Just a handful of journalists turned up for the Green Party media event on College Green this afternoon. Five years ago it was a party of government. Conor McMorrow of RTÉ’s political staff asks what impact can the Greens make on Election 2016?
The Green Party stood at 2% support in yesterday’s Sunday Business Post/Red C opinion poll.
But party leader Eamon Ryan is undeterred by this, saying: “We might surprise people.”
He endorsed the Dublin City Council plan to begin permanent traffic restrictions in College Green at this afternoon's briefing.
It’s something he has been working on for 25 years, including in his former role as chairman of the Dublin Cycling Campaign.
He stressed the advantages of creating a calmer Dublin city centre. "Taking the cars and buses out of this section of College Green would turn this city around and create a new civic space."
The Greens also want to have the old House of Lords building taken back into public ownership from Bank of Ireland.
The plan does have its detractors but Mr Ryan has been here before.
He explained: "Every single time we have done the right thing in promoting pedestrian streets people have said beforehand that it can’t work.
"It happened in Grafton Street, Henry Street, and when we changed the turning system at the bottom of Dame Street and George’s Street.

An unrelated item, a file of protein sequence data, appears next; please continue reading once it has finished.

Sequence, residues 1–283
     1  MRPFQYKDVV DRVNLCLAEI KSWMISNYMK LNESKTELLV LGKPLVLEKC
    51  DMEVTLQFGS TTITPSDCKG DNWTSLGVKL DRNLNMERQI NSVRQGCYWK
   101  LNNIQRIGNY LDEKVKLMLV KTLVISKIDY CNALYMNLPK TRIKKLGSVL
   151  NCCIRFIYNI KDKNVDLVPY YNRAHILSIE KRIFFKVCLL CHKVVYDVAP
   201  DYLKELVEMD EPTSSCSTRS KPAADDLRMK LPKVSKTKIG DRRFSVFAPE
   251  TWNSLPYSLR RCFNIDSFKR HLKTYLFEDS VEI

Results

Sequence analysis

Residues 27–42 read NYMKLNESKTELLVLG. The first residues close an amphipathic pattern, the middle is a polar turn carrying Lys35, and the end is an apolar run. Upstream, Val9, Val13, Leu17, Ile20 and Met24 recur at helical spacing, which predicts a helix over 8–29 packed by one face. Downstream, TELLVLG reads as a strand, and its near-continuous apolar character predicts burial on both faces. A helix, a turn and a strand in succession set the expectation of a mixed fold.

“Every single time people said that it would not work. We have never gone back on any of those calls because they were the right calls at the time. Modern cities work best when you create a really good city environment.”
The Greens have defied the detractors when it comes to making streets pedestrian only.
Can they walk that walk when it comes to defying the polls and winning Dáil seats?
“We are confident enough. We are on around 2-3% in the polls. In the past we have won six seats on 4% of the vote and if we can nudge that up a bit and we think we will, the election is going to be good for us. I am confident we can return some Green TDs to the Dáil.
“I hope we can take a seat here in my own constituency.”
He also cited other candidates such as “Mark Dearey in Louth, Catherine Martin in Dublin Rathdown, Ossian Smyth in Dún Laoghaire, and Grace O’Sullivan in Waterford. We have loads of really good candidates. We might surprise people.”
The party leader still looks best poised to take a seat.
But before that the party’s attention will turn to the courts. On Thursday, The High Court will hear the party’s legal challenge to the exclusion of Mr Ryan from a party leaders’ debate on RTÉ on Thursday.
The party says Mr Ryan is entitled to be included in the debate, which is due to take place on Monday next, 15 February.